FORT LARAMIE – Sawdust flew and the whine of power tools filled the air as community members were out in force here Saturday, determined to make a small corner of their town as inviting as possible.
By the time they were done, virtually every picnic table in sight had a facelift, thanks to the donated time and efforts of Fort Laramie residents and elected officials alike. The project was the brainchild of the town’s newest Council member, Laura Curtsinger.
“It started when I moved here,” Curtsinger said. “I believe parks are something people look at right away when they drive into town.”
Curtsinger was appointed to the council in July to fill the seat vacated when Joyce Evans was named mayor. The two share an agenda geared toward improving the lives and livelihood of their fellow residents of this small Goshen County community, Evans said. When Curtsinger first presented her idea to the council she garnered immediate support.
“My agenda is similar to Laura’s – Community development and growing the community,” Evans said. “Anything we do in that direction has full support.
“This is what our community needs,” she said. “Elected officials who have the time and energy to devote to community development.”
Even former residents of Fort Laramie were on hand to help out Saturday. Margie Small currently lives in Texas, but she’s back in her home town, caring for her father, 91-year-old James O’Brien. She took time from those duties to help spruce up the parks she grew up playing in.
“When the community does something, I like to get involved,” Small said.
For a long time, most Fort Laramie residents were older, typically retired, without children who would utilize the amenities at a city park, Curtsinger said. Now, though, more younger families are finding the small-town atmosphere of the community inviting.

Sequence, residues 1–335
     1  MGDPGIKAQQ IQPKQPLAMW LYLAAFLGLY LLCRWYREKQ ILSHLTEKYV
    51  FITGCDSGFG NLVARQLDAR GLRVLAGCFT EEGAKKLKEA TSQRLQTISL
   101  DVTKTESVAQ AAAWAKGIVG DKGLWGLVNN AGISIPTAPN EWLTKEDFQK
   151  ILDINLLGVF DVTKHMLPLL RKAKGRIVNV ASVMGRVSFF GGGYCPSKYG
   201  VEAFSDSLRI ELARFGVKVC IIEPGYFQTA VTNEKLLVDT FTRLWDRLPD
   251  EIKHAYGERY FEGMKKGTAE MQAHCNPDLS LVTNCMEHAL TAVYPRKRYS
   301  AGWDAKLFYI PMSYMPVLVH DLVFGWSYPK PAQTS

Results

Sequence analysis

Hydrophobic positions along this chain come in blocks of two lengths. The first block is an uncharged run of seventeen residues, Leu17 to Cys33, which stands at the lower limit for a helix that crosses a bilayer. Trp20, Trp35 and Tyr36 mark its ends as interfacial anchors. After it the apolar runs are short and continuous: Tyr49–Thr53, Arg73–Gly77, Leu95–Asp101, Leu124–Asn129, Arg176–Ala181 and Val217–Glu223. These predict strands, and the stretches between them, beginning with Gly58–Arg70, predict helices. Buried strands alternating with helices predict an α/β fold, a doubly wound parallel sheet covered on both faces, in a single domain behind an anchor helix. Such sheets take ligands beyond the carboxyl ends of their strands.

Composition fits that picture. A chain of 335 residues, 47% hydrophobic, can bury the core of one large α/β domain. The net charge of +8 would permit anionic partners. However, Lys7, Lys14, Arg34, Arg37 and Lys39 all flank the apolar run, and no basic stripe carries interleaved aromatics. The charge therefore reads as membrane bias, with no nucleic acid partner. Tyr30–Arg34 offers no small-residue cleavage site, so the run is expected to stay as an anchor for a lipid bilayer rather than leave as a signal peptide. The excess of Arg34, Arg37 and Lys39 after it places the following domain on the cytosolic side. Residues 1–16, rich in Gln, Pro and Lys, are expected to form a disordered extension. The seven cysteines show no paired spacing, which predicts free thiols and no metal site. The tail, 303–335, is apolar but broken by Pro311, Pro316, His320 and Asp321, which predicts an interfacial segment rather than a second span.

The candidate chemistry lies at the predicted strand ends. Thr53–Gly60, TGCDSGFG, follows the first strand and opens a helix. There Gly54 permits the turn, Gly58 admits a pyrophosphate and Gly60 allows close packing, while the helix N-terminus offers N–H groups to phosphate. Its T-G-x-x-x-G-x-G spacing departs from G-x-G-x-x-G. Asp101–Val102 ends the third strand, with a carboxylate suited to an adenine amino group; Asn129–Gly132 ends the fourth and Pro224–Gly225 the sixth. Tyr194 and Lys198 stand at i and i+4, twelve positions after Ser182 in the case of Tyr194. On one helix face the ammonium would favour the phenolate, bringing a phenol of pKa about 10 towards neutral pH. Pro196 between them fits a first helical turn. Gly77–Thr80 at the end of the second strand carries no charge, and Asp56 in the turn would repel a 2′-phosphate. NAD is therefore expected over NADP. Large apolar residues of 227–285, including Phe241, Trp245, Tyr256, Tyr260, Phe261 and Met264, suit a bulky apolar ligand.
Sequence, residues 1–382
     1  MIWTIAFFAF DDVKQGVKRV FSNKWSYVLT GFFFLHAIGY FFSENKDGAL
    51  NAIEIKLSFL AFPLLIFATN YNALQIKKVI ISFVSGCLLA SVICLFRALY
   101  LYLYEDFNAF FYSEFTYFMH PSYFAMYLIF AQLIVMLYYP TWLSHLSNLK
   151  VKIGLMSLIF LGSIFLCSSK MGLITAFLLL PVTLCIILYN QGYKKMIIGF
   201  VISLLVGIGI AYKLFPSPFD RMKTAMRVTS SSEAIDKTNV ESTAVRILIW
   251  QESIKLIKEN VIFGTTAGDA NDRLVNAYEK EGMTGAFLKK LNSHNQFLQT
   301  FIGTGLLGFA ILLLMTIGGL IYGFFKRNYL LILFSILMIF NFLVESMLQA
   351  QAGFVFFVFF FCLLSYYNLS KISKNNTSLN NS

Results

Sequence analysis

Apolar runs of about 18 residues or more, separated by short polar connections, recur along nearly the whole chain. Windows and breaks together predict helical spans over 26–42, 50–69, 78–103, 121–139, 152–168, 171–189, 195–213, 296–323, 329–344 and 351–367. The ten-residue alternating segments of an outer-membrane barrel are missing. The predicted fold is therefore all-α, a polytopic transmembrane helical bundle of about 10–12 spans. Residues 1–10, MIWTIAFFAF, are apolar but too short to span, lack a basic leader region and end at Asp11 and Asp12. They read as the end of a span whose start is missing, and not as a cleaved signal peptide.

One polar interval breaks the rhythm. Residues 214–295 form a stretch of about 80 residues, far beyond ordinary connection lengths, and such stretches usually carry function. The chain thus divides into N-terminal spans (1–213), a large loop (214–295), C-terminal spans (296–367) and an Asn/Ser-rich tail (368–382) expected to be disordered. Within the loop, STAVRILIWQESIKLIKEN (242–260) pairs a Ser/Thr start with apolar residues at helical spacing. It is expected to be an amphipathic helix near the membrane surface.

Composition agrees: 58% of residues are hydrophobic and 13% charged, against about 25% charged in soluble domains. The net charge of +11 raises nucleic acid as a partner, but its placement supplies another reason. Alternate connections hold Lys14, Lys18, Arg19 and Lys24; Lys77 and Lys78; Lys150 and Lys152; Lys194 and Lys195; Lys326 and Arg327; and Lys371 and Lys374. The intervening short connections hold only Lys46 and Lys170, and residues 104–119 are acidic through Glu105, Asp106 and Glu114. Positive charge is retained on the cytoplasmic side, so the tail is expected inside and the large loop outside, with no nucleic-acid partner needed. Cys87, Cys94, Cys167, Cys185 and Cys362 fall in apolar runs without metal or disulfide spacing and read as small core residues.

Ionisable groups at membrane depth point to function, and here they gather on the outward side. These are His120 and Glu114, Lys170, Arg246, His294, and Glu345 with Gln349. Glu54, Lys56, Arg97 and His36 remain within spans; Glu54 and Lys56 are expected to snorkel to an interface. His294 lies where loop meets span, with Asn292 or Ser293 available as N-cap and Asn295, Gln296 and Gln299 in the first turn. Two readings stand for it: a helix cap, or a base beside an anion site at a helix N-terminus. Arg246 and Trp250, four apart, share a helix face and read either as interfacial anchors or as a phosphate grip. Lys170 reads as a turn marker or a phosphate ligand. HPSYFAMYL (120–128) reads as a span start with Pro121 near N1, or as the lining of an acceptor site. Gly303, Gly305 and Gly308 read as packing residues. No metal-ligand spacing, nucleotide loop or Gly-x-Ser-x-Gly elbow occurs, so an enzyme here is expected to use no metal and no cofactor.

One of those is the Kirby family – Chris and Angel and their children, Maricela, 4, and Alex, 6. They were all out Saturday, enjoying a day in the park – occasionally splashing paint on one another – but mostly working on the table they adopted for the project.
“We’re just helping out with the community,” Chris Kirby said. “We live here and we want to make the town beautiful again.”
The best part of this particular project was its simplicity, said council member Joe Brown, taking a break from sanding his table. Relatively easy to accomplish, the project brought members of the community together to achieve a common goal, he said.
“As a Town Council, it’s our job to spearhead these things,” Brown said. “I thought this was a great idea. We’re put in the council to better the town. What better way than to help.”
Curtsinger said there was a moment on Friday, when she was calling the volunteers she’d already heard from to confirm for Saturday. A handful backed out as things had come up or the work day had slipped their minds.
“I thought it was all going to fall apart at the very end,” she said. “Then, later that same day, I started getting calls, asking if we still had tables to adopt.
“Everybody has been extremely amazing,” Curtsinger said. “This is a happy group of helpers.”